A patent infringement case relating to an anti-diabetic drug highlights the delicate balancing act required to protect innovation while ensuring access to affordable medicines. Vandana Chatlani reports
On 28 April, the Supreme Court of India is scheduled to hear arguments in the dispute between Glenmark Pharmaceuticals and US-based Merck Sharp & Dohme. The conflict between the pharmaceutical companies raises interesting questions about patent protection mechanisms, public interest, utility and the clash between generics and innovator companies.
The dispute centres on an anti-diabetic drug known as sitagliptin. Merck obtained a patent for its sitagliptin molecule in 2007 and marketed the drug as Januvia (sitagliptin) and Janumet (sitagliptin and metformin).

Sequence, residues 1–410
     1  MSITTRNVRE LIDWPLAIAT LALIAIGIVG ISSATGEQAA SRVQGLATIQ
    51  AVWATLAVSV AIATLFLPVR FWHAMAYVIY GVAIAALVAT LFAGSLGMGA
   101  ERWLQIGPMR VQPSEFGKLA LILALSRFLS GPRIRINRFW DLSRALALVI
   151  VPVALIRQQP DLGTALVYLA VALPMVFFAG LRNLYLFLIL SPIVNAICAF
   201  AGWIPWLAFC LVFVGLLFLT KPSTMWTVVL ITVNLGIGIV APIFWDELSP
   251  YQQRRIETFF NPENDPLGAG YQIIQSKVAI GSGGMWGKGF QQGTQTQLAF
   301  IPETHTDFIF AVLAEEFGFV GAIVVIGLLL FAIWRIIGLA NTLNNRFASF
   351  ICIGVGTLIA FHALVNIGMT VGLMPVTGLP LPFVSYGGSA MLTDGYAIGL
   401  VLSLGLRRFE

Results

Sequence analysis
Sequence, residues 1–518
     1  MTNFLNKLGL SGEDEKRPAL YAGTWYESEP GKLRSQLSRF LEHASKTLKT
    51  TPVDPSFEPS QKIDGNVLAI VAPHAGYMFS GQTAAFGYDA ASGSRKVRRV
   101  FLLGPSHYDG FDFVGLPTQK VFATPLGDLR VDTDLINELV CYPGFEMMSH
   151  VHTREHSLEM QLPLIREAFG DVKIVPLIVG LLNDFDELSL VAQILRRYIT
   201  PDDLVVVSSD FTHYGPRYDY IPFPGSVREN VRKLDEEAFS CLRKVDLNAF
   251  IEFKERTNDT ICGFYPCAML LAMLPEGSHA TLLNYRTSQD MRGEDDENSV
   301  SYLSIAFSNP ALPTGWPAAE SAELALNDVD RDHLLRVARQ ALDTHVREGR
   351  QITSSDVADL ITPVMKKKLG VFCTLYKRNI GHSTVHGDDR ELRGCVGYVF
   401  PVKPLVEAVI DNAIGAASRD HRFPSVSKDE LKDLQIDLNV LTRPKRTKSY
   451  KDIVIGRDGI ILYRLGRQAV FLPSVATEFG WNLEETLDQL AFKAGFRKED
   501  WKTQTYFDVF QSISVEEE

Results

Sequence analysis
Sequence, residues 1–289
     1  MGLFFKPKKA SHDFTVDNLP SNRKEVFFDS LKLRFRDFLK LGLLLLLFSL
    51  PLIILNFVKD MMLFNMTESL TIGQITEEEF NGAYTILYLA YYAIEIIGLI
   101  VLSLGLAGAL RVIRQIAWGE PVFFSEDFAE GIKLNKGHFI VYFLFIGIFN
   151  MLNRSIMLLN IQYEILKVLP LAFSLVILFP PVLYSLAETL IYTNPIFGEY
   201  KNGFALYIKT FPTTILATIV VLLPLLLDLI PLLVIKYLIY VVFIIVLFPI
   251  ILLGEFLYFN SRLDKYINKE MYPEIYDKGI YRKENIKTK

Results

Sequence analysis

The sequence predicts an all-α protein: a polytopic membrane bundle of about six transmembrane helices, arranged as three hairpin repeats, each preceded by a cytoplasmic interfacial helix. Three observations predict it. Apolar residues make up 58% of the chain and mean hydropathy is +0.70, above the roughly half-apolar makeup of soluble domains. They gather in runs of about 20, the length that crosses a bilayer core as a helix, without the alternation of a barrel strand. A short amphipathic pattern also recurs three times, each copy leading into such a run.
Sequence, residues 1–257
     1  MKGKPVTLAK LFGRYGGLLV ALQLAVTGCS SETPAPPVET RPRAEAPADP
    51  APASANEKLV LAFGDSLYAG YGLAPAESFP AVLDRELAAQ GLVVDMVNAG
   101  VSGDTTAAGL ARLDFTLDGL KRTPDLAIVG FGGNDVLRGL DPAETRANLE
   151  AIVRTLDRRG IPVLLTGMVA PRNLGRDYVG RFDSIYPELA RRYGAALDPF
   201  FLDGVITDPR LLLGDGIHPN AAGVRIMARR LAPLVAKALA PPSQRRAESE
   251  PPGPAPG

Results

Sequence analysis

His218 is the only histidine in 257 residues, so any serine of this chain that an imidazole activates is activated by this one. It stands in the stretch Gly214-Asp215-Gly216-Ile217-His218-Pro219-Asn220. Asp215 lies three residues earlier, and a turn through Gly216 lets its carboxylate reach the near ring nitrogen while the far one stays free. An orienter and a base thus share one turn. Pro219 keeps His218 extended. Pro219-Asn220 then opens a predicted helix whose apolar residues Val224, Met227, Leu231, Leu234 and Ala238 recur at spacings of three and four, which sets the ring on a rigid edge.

In 2013, Glenmark planned to launch generic versions of sitagliptin: sitagliptin phosphate monohydrate (SPM), branded Zita, and Zitamet (SPM and metformin hydrochloride). On 1 April 2013, Merck filed a suit against Glenmark, alleging infringement of its patent for sitagliptin and seeking an interim injunction to prevent Glenmark from launching the drugs. However, on 5 April 2013, Justice Rajiv Sahai Endlaw of Delhi High Court decided not to grant the injunction, leaving Glenmark free to manufacture and distribute its generics.